Note: The most of the information mentioned in this article about the Indian Retirement Communities and senior centers is obtained from respective websites. Most often website information is given for promotional purposes and emphasizes most desirable aspects. The graphics are also not realistic since they are most often generated from computer graphics. It is very difficult to get the real information except when a person visits an establishment and spends time and gathers information from the residents and managers. Such visits are rare. One example is a brief report made by the late Dr. Ashok Sapre on ShantiNiketan.  

Indian immigration to the USA: I arrived in the USA from India in 1962 on a one year International Fellowship in Pharmacology.  At that time there were only about 4000 persons of Indian origin in the USA. Although Indian immigrants entered the USA as early as1920 significant immigration is of very recent origin because of the legislative barriers due to the laws such as the 1917 Immigration Act preventing any immigration from India. As of 2019 there were about 2.7 million Indian immigrants in the USA.  This increase was principally due to the passage by US Congress of the 1965 Immigration & Nationality Act removing national-origin quotas and basing immigration on having the economically desirable skills. This was the reason that from 1980 to 2019 the Indian immigrant population in the USA increased almost 13 fold, reflecting in the fact that most of the current Indian Immigrants (about 2,500,000) are comparatively a young ranging 35 to 70 yrs. in age. Then there is a significant income disparity between the early immigrants and the later arrivals. However, no reliable quantitative data are available. This highly skewed population in age and in income has important consequences as related to retirement readiness. In the USA population of 330 million, about 54 million are over 65 and retired (16.3%) and verifiable data on what USA Senior citizens want as far as their retirement is concerned are easily available, while in the Indian 65+ seniors estimated at about 200,000 (7.4%) it is very difficult to ascertain what Indian seniors want, since verifiable data are unavailable.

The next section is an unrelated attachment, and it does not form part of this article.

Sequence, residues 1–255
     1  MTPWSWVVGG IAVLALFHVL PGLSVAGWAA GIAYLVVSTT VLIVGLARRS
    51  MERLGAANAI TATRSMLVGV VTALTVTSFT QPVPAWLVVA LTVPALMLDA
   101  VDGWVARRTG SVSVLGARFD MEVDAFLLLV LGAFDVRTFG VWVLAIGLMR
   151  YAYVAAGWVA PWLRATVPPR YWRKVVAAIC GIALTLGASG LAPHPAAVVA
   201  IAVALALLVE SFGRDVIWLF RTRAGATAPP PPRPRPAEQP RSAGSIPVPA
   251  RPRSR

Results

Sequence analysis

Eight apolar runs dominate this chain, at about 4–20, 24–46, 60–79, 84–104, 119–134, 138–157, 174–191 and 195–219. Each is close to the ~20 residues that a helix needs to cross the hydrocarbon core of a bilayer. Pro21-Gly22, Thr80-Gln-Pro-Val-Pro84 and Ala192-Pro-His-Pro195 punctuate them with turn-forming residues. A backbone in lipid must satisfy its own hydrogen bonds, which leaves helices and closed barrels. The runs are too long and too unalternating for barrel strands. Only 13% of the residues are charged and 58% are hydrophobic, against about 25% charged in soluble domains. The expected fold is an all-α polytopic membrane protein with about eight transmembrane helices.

The Retirement Communities in the USA.